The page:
This is the final part of a 12-post series from Jonathan Edwards’ (1703-1758) sermon on Hebrews 5:12, titled The Importance and Advantage of a Thorough Knowledge of Divine Truth. The first part covered Edwards’ definition of divinity (theology), the second focused on what kind of knowledge is included in divinity, the third considered the usefulness and necessity of knowing divinity, the fourth discussed knowledge in divinity as the chief end of man’s faculty of understanding, the fifth asserted that there is nothing more worthy to be studied than divinity, the sixth declared why divinity is of infinite importance to all people, the seventh argued for the infinite worth of divinity based on God’s great works of revelation, the eighth asserted that God gave us the Bible to be studied, the ninth declared that the subject matter of divinity is inexhaustible, the tenth focused on knowledge of divinity as an essential part of our high calling, and the eleventh discussed God’s appointment of teachers to help us grow in knowledge of divinity. Now we finally turn to his discussion of God’s revealed will for all Christians to excel in the knowledge of divine things:
It is God’s revealed will for all Christians to excel in the knowledge of divine things.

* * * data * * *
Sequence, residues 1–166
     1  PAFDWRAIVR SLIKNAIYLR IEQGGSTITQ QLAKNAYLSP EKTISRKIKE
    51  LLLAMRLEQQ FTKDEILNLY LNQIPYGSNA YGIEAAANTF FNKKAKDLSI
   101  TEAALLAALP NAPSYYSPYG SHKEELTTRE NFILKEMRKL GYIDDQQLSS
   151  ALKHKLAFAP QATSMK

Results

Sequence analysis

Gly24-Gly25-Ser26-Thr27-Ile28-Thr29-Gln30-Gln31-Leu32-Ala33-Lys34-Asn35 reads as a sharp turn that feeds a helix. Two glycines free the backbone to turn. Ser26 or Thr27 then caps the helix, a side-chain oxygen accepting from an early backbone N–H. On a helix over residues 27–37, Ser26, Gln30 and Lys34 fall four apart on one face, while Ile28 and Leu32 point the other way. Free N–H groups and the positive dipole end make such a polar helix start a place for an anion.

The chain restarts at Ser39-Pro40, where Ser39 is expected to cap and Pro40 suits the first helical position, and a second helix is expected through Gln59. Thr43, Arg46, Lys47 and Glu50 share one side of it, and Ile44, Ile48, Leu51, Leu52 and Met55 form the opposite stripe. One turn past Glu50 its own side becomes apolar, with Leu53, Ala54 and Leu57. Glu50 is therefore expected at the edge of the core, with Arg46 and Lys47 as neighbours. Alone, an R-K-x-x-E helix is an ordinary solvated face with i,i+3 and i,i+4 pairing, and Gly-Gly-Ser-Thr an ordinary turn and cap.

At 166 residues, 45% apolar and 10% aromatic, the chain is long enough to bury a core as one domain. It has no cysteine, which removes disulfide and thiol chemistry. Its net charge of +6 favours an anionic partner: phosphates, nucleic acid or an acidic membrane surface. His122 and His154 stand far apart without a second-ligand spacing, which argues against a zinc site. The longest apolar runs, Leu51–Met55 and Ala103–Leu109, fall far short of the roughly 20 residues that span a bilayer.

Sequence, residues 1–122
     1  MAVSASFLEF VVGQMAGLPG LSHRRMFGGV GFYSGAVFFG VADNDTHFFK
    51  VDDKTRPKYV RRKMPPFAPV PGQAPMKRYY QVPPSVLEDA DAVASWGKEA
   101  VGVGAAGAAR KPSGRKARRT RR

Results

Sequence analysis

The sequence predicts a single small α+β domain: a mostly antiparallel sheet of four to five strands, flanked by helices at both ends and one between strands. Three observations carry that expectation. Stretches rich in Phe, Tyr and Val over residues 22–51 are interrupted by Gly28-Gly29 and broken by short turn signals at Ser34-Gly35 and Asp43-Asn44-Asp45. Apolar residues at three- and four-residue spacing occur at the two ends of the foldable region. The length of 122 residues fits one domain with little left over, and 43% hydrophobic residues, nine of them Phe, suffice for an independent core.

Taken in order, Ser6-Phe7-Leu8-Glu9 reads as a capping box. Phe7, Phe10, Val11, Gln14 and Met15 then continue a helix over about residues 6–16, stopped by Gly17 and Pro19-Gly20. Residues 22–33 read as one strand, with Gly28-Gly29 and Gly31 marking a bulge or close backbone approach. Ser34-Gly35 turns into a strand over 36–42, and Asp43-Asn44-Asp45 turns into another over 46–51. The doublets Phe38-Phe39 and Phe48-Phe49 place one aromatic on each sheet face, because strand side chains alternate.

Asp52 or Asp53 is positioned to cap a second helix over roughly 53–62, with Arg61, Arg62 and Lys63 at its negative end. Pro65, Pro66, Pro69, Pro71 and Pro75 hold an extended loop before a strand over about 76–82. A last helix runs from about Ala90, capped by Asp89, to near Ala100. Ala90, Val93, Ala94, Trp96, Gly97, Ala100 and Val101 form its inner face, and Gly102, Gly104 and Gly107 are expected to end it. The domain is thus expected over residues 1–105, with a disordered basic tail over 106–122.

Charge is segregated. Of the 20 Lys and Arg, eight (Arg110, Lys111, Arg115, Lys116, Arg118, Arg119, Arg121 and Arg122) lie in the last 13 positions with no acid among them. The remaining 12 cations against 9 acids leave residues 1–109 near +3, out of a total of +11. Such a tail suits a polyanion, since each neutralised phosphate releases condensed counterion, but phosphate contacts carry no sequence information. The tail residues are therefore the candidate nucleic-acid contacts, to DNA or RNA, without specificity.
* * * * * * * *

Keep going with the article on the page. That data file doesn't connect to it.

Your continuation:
God hath in the Scriptures plainly revealed it to be his will, that all Christians should diligently endeavor to excel in the knowledge of divine things. It is the revealed will of God, that Christians should not only have some knowledge of things of this nature, but that they should be enriched with all knowledge. 1 Corinthians 1:4-05, “I thank my God always on your behalf, for the grace of God that is given you by Jesus Christ; that in every thing ye are enriched by him, in all utterance, and in all knowledge.” So the Apostle earnestly prayed, that the Christian Philippians might abound more and more, not only in love, but in Christian knowledge. Philippians 1:9, “And this I pray, that your love may abound yet more and more in knowledge, and in all judgment.” So the apostle Peter advises to “give all diligence to add to faith virtue, and to virtue knowledge” (2 Peter 1:5). And the apostle Paul, in the next chapter to that wherein is the text, counsels the Christian Hebrews, leaving the first principles of the doctrine of Christ, to go on to perfection. He would by no means have them always to rest only in those fundamental doctrines of repentance, and faith, and the resurrection from the dead, and the eternal judgment, in which they were indoctrinated when they were first baptized, and had the Apostle’s hands laid on them, at their first initiation in Christianity.